3” Image Orthicon










             Developed at RCA in the early and mid-forties, by Albert Rose, Paul Weiner and Harold Law, initially for military use, the Image Orthicon entered the civilian television market in 1946, and, with its great sensitivity mainly due to its five stage photo-multiplier, and its very good definition it was soon universally adopted as the standard pick-up tube in black and white TV cameras and stayed in use until the late sixties when it was progressively replaced by the less bulky Vidicon and Plumbicon tubes.


             With the high demand, soon Image Orthicon tubes were built, sometimes with slightly different specifications and construction details, by several manufacturers on both sides of the Atlantic.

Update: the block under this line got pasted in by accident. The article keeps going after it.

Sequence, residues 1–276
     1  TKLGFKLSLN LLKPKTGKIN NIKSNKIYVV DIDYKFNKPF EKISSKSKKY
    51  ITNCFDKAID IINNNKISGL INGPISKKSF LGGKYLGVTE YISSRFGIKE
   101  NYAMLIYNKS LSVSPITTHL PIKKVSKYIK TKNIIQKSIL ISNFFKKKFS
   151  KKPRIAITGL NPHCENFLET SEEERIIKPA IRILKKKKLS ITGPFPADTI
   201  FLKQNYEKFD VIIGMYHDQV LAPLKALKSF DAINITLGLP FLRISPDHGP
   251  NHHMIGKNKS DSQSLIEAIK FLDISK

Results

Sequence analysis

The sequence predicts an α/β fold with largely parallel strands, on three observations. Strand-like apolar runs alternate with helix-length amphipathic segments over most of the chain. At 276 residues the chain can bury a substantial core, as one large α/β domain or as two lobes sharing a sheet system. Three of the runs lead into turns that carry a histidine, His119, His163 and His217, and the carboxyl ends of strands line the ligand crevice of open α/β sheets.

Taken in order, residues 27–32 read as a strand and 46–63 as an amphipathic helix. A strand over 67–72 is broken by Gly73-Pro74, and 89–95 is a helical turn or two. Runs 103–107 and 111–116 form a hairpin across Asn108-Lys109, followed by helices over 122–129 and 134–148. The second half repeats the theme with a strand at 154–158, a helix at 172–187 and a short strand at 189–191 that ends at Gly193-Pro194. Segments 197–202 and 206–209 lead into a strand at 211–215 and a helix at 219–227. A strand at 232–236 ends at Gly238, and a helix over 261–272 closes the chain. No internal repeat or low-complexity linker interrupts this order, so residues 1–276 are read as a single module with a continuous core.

The Image Orthicon, which boasted being able to take good pictures even in candle light, was often referred to as the “I.O.”. It cost then some $1500, and its useful life was about 600 hours.


               Note, in the x-ray view, the “empty” space in the middle part of the tube. That’s where the electron flow is controlled by the surrounding coils.


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